We are building a conversation around the ten principles of a caring place. In this blog we asked Keith Quinn from the Scottish Social Services Council to reflect on how technology can support independent living for the ageing population. This blog relates to principle five: re-purposing and integrating technology.
Local authority social care spending increased by 46% (in real terms) over the eight years from 2002/03 to 2010/11. In 2016/17 local authority social work departments spent approximately £4.25 billion on social care services. (These figures can be found on the Scottish Government webpage about local government finance statistics figures).
We also know that projections for 2010-2035 are forecasting a 27% increase in the population over the age of 65. But there is an even more dramatic increase (82%) in the percentage of people who live to the age of 75 and over.
This becomes more alarming when set alongside the corresponding decrease in the population of working age, also forecast for the same period. This will clearly have an impact on the demand for services currently provided and/or funded by local authority social services departments.
Live well for longer
But beyond the financial and human recourse issues, the most fundamental of issues we need to consider is how we enable citizens to not only live longer, but live well for longer. A big part of that is avoiding the need to leave familiar environments simply because our homes and communities no longer accommodate our changing needs.
With that in mind, we need to rethink how we design our living and social spaces and build in accessibility by design. Accessibility needs to be redefined as being an issue for the majority of the population rather than a means of accommodating ‘special’ needs. After all, we are all going to age, no matter how far away that might seem!
In addition to the demographic issues over the past ten years, digital technologies have become almost ubiquitous. Over 85% of the population own a smartphone, and the fastest growth in tablet ownership was among those under 12 and over 65. So we really need to abandon the stereotypical picture of older people being wary or uncomfortable with technology.
Touchscreens, mobile form factor and ‘always-on’ internet have driven the integration of digital technologies into our everyday lives. They have removed many of the psychological barriers that have prevented people from engaging with technology on a day-to-day basis.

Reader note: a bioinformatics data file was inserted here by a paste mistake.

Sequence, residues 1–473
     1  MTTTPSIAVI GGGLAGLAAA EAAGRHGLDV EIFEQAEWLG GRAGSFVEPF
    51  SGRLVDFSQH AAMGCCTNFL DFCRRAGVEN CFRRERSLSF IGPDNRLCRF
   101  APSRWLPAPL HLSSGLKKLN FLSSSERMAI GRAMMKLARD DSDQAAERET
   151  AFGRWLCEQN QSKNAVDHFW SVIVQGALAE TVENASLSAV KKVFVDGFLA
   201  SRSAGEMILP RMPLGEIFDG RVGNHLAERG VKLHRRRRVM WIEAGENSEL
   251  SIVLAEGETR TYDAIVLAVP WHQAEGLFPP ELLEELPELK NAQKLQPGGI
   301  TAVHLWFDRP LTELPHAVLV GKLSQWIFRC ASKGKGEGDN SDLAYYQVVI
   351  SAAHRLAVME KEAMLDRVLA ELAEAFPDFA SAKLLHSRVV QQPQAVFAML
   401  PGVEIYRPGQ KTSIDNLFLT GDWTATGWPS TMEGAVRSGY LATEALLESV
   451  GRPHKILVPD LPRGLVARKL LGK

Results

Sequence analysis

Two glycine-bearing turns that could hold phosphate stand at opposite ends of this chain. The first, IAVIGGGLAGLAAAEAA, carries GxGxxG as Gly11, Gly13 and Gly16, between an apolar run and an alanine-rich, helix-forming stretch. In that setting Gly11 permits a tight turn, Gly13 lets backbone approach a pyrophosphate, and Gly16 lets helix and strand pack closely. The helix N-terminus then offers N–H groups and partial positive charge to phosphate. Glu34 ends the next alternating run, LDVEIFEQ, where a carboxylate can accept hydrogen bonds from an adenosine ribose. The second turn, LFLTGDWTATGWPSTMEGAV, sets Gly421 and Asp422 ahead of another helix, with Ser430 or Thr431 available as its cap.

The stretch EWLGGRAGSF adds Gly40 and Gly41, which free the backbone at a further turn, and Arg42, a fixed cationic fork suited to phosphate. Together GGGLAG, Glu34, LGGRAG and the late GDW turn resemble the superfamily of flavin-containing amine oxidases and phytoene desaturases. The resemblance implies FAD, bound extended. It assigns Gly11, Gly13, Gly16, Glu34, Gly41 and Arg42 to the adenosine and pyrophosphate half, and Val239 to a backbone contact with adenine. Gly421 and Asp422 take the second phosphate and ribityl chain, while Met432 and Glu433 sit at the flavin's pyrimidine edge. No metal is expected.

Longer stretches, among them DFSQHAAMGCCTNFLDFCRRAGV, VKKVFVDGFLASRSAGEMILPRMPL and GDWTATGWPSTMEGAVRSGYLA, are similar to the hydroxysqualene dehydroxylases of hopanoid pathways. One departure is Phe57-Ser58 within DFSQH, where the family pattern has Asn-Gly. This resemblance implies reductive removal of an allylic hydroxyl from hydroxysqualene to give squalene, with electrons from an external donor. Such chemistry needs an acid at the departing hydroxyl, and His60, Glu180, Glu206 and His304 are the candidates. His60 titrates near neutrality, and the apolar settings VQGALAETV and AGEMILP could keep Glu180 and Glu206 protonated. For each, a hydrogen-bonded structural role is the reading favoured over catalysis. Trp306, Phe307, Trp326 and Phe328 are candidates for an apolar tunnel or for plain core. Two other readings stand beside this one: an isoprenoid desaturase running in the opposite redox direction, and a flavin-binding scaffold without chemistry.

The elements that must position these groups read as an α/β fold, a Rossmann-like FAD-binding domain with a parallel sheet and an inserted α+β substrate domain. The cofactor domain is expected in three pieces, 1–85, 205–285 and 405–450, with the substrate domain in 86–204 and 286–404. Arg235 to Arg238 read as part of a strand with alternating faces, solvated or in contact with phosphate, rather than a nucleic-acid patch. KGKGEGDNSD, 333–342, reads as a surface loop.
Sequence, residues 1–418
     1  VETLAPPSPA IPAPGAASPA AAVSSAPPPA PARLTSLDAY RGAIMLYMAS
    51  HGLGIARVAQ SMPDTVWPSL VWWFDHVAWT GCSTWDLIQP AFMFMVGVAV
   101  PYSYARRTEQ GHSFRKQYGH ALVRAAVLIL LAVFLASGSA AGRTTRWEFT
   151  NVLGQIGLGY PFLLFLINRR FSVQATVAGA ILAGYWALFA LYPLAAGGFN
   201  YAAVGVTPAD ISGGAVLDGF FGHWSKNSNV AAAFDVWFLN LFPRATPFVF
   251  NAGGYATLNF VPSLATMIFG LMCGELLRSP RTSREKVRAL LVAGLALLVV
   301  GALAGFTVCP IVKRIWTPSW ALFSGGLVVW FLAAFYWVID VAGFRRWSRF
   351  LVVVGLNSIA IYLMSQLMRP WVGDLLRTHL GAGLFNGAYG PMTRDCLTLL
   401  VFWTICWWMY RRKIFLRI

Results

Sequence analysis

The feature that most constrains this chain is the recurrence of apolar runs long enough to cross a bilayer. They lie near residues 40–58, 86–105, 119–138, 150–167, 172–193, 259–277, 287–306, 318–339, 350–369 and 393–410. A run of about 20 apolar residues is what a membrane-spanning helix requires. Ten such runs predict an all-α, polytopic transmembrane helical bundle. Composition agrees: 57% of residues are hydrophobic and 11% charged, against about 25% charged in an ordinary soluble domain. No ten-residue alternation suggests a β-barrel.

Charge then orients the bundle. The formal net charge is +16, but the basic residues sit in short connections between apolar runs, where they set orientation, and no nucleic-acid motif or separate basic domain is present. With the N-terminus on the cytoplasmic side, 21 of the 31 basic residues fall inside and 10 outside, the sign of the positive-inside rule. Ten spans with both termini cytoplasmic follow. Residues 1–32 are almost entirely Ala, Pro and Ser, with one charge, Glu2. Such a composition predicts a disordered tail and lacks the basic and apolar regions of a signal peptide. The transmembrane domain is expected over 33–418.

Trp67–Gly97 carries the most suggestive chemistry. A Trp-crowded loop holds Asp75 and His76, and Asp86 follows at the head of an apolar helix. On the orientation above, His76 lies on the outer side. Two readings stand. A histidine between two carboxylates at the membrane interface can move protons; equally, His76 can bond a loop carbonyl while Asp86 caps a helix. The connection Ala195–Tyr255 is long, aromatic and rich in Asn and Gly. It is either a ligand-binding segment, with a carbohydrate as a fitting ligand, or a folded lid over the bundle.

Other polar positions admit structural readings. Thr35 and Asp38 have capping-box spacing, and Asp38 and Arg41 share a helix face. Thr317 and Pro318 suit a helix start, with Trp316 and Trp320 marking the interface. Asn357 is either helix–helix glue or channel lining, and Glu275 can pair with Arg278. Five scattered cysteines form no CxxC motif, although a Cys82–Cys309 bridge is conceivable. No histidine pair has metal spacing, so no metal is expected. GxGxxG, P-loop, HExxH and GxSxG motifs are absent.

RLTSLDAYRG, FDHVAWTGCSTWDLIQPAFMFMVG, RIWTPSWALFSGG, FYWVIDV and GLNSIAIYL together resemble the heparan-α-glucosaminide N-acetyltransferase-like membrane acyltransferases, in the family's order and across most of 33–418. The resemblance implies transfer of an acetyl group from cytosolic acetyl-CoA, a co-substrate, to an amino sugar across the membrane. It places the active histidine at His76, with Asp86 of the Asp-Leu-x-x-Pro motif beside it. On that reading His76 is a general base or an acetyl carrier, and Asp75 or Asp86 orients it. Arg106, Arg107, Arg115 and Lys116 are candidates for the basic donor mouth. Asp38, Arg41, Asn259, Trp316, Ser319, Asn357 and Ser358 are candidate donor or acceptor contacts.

To some degree, the technology has become almost invisible to the end user. To use it we no longer need to remember arcane commands and protocols. Just press the power button and it is on. Tap the icon for what you want to do and it loads instantly.
Almost by stealth, television has begun to morph from a broadcast service to an internet streaming service. And with the addition of small (and at times, tiny) adapters, televisions can transform from a ‘dumb’ TV into a smart, internet-connected home hub.
We are beginning to see the development of off-the-shelf home automation via products like the NEST and HIVE thermostats. Voice recognition-based user interfaces are also maturing rapidly. Both Apple and Samsung developed frameworks to allow developers to easily create apps and services for smart homes.
HomeKit is Apple’s framework for communicating with and controlling connected accessories in a user's home. Similar to HomeKit, Samsung SmartThings is both a hardware platform and software framework for communicating with and controlling connected accessories in a user's home. These development frameworks, and the availability of affordable AI-driven smart speakers, signpost the future of affordable smart care spaces.
Major tech corporations are now investing billions of dollars developing smart home and health and wellbeing technologies. Creating a smart living or smart care space at a base level is now available off-the-shelf.
There will always be a place for specialised, bespoke technology for care. But the rapid expansion in capability and availability of consumer technology will drive the potential of creating smart living and caring spaces.
There is no doubt that corporations such as Apple, Samsung and Google see the potential for significant profit in their research and development investments. But the side benefit for end users is the attention to user-experience design that comes with their involvement in the smart living arena.
For service providers, there are other potential gains from using off-the-shelf tech for telecare. The learning curve tends to be fairly shallow, ongoing support is readily available, and we can move beyond the “sheep-dip” approach to training staff to working with assistive technology.
Affordable and ready to use technology
By realising the benefits of off-the-shelf technologies and combining these with specialised provision, we can hopefully make support services less intrusive and more mainstream.
Affordable, readily available and easy to use technology is paving the way for supporting people to look after themselves in their own homes for longer. As it is for supporting them to live well for longer.
About the author
Keith Quinn has over 30 years’ experience in the social service sector and has spent the last 20+ years working in learning and development. Currently he leads a small team at Scottish Social Services Council whose remit is the design, development and support of digital learning.
Header image credit: Beth Macdonald on Unsplash